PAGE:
The Pennsylvania Republican Party distributed an e-mail last week signed by three prominent Jewish Republicans suggesting that a vote for Barack Obama could bring about another Holocaust.
The e-mail, sent to 75,000 Jews in the state, extolled John McCainâ€™s support for Israel and questioned Obamaâ€™s commitment to Israel, as well as his association with William Ayers and the Rev. Jeremiah Wright.
It concluded that â€œJewish Americans cannot afford to make the wrong decision on Tuesday, November 4th, 2008. Many of our ancestors ignored the warning signs in the 1930s and 1940s and made a tragic mistake. Let’s not make a similar one this year.â€
In the ensuing uproar, the political operative who wrote the e-mail was fired and its signatories — including I. Michael Coslov, the campaign chair of the Jewish Federation of Greater Philadelphia and the person widely assumed to become the next federation president — distanced themselves from it.
Signers said they had not read through the e-mail before agreeing to affix their names to it.
A few days after the e-mail was sent, the Republican Jewish Coalition again took up the Holocaust theme in leaflets distributed in heavily Jewish neighborhoods in suburban Philadelphia.
While not mentioning the Holocaust explicitly, the glossy leaflets featured a photo of Obama speaking in Germany. It read: â€œConcerned about Obama? You should be. History has shown that a naive and weak foreign policy has resulted in tragic outcomes for the Jewish people.â€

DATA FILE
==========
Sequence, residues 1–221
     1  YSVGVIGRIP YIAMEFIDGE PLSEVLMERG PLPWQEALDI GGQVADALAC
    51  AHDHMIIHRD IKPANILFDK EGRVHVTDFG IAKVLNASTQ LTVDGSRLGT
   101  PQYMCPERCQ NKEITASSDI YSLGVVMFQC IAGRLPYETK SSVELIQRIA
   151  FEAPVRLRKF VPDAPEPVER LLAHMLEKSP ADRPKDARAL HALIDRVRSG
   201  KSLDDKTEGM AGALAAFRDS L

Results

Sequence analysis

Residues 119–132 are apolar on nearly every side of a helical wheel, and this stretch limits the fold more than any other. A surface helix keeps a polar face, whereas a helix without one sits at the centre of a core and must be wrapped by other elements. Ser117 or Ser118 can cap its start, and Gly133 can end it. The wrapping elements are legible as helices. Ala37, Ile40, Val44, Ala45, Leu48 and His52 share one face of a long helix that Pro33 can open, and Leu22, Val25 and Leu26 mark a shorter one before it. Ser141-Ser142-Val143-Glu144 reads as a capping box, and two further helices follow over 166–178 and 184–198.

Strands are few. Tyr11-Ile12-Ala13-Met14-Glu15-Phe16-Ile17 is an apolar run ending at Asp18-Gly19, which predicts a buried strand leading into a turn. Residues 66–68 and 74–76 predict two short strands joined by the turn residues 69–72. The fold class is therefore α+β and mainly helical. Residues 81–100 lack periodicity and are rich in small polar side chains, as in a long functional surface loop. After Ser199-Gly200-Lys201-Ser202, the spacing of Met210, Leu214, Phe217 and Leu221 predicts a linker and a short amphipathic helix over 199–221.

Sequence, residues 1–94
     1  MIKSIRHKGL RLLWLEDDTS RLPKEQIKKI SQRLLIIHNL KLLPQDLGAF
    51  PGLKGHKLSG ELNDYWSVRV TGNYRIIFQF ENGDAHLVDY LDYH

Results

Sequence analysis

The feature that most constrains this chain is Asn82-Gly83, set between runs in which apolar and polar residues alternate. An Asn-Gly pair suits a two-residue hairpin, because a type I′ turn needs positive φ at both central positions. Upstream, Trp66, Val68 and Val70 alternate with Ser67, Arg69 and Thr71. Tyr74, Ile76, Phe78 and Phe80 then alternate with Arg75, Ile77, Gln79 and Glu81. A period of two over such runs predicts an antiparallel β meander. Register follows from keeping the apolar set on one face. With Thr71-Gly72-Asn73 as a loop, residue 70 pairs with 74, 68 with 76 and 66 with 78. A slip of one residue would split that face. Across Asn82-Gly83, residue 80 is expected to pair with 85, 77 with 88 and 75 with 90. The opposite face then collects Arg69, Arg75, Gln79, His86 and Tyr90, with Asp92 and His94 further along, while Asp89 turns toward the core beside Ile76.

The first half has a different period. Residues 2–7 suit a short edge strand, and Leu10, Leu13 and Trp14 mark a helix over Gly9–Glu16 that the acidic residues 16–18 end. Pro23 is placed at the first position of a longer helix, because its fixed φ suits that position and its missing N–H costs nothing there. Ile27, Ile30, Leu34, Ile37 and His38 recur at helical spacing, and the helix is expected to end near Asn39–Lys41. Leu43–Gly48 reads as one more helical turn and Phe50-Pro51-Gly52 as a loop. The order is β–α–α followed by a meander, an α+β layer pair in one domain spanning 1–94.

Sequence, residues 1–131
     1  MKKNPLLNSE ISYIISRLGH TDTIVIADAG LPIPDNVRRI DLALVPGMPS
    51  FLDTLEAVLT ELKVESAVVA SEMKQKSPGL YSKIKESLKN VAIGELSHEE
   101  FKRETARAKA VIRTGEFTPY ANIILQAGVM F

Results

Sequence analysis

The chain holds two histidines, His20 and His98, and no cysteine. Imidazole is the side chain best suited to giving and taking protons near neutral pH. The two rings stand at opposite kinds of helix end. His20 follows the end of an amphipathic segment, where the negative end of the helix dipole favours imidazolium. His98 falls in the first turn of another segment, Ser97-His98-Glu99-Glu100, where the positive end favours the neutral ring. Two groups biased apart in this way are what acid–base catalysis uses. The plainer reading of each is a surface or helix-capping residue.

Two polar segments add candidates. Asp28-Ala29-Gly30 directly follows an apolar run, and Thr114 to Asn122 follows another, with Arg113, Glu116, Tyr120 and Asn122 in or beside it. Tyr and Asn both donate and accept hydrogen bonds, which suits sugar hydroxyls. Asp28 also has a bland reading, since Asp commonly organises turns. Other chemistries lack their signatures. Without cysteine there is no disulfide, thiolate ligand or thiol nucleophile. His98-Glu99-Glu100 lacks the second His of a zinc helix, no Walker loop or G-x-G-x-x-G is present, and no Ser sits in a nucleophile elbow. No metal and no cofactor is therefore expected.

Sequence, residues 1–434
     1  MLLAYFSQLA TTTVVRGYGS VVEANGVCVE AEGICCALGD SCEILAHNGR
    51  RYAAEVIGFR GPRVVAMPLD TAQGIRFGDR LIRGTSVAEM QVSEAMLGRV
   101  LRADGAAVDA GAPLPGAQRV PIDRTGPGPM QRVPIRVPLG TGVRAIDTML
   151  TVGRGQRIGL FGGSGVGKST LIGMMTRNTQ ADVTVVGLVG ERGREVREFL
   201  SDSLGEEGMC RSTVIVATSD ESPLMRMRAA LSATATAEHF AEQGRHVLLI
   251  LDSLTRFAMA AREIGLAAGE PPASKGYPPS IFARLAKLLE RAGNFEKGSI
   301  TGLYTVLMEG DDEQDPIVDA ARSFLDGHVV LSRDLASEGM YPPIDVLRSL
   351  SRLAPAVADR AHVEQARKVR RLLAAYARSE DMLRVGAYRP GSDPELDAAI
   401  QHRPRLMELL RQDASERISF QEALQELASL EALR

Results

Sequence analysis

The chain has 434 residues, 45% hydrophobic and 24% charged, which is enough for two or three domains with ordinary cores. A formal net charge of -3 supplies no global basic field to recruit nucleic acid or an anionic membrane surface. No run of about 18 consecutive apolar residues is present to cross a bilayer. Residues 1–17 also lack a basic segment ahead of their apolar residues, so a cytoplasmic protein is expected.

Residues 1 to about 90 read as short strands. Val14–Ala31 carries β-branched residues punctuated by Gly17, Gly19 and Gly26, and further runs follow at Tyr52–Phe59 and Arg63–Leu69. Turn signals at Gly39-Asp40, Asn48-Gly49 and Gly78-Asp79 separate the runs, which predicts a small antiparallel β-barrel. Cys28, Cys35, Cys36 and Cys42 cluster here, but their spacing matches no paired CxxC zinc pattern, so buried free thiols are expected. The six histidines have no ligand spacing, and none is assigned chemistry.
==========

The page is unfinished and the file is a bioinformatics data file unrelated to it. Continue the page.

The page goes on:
These latest salvos, coming just days before the election, epitomize what some are calling the most bitter and divisive presidential campaign ever seen in the Jewish community.
Republicans have tried to chip away at the traditionally overwhelming Jewish support for Democrats by sowing seeds of doubt about Obamaâ€™s positions on Israel through a campaign of e-mails and ads in Jewish media. Democrats deride such efforts as scare tactics born of desperation; the Republicans say they want voters to know the truth.
The battle is particularly intense in Pennsylvania, which the McCain camp has said the Republican candidate needs to win to have a real shot at capturing the White House.
With Obama enjoying a double-digit lead in the state, according to most polls, the McCain campaign is devoting tremendous resources here — in appearances and advertising — in the final days of the race, hoping to turn the Democratic state Republican red.
Both campaigns say they believe the stateâ€™s more than 400,000 Jews could play a decisive role in the outcome.
The e-mail that referenced the Holocaust continued to stir debate this week, with the Anti-Defamation League and the American Jewish Committee both condemning it.